“What is ‘dancing’ for you?” a Russian ballet teacher asks a student in Polina. The pre-teen, with that universal hair-pulled-back, young duckling look, responds: “It happens by itself.” Her answer makes Polina one of the most emotionally accurate coming-of-age films of recent years. The dance movie format is a metaphor for sexual awakening which makes Polina’s girls’ story a perfect contrast to Beach Rats—a boy’s story about an outwardly tough Brooklyn kid unsure about his sexuality.
Teenage Frankie (Harris Dickinson) also thinks sexuality “happens by itself,” but he can’t understand his attraction to men. Afraid to come out, he trolls hookup websites, picking out older men to hustle because, he tells himself, “They don’t go where I go.” He avoids being found out by his squad of Coney Island machos who cruise the boardwalk at Coney Island. In the most intense scene, a bartender (Erik Potempa) recognizes Frankie from a dirty motel smash.
Writer-director Eliza Hittman’s focus on Frankie and crew is erotic and oddly sociological. Her shirtless blond boys recall the sun-tanning soldiers in Claire Denis’ Beau Travail. But this skin-deep look at young male sexuality makes Frankie’s behavior perplexing. “I don’t really know what I like,” he says. “I don’t really think of myself as gay.” And yet his first age-appropriate trick jokes, “You just have sex with men!” In the sex scenes Hittman details caressing and clutching as Frankie automatically assumes the bottom position, whereas his attempts at hetero sex with local girl Simone (Madeline Weinstein) are curt and unemotional. The gay candor suggests Hittman’s own confusion about Frankie’s sensual, emotional and social identity; she seems to be imitating Nan Goldin’s low-life photographs without penetrating their lewdness, just as Frankies gets casually penetrated.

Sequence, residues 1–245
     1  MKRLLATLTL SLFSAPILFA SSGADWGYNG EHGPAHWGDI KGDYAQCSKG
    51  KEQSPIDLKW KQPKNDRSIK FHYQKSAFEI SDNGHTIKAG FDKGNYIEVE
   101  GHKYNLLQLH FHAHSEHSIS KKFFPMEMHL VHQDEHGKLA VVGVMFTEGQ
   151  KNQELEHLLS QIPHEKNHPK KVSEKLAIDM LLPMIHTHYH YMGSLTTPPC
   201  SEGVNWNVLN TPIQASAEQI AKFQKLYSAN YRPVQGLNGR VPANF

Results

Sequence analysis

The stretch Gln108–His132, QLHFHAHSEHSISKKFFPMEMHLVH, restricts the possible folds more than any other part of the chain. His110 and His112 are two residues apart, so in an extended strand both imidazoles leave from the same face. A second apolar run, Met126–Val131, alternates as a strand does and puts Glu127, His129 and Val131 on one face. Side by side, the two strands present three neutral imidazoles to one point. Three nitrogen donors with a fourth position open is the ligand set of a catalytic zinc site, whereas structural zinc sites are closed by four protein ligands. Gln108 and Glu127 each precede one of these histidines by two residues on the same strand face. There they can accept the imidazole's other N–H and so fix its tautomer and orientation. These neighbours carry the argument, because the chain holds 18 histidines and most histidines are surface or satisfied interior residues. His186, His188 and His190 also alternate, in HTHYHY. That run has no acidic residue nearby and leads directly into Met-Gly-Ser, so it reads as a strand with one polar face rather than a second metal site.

This contrasts French directing team Valerie Muller and Angelin Preljocaj successfully sublimating their ballet dancer’s sexual identity. As a teenage Bolshoi student, Polina (Anatasia Shvetsova, a wide-eyed Elle Fanning type) goes from letting sexuality happen by itself to pursuing independent choice—the life experience and observation that instructors warn are missing from her art.
Instead of Hittman’s listless semi-doc method, Polina stylishly frames a worldly coming-of-age story from the Moscow underworld where Polina’s doting father (Miglen Mirtchev) works to the cultural highs and lows of western Europe.
Polina eventually resembles Young Adult literature that both enchants and instructs young readers, while Beach Rats is stuck between patronizing white working-class realism (recalling Martin Scorsese’s Who’s That Knocking at My Door?) and jailbait porn. Hittman’s voyeuristic view of Frankie’s feckless sex and criminal life recalls Larry Clark’s Bully and Marfa Girl without the sleaze factor—and that was always Clark’s strongest point, the willingness to explore his characters’ freakiness.
Both Beach Rats and Polina are entranced by youth’s uncertainty and passion. American filmmakers like Hittman are stuck on the politically correct issue of identity politics (Frankie’s ethnicity is hinted at in his father issues and the cultural claustrophobia of beachside fireworks that symbolize suppressed desire and the hymn “Be Not Afraid” sung at his father’s funeral). But Muller and Preljocaj emphasize character through behavior and work (Preljocaj is also a choreographer and the dance class scenes are vivid). This explains why Polina’s descent into romantic fiction is more fascinating than watching Frankie resort to robbery and giving blow-jobs in the bushes.
Polina’s specific fascination comes in the form of a young dance instructor, Karl (Jeremie Belingard) who teaches improvisation to street kids. A star of the Ballet de l’Opera National de Paris, Belingard has the amorous charm of Gene Kelly at his most ardent and virile. His climactic dance with Polina surpasses the nostrums of Young Adult fiction to evoke Kelly and Cyd Charisse in Brigadoon. He becomes her Prince Charming, which is the romantic ideal that Frankie is looking for, outside himself.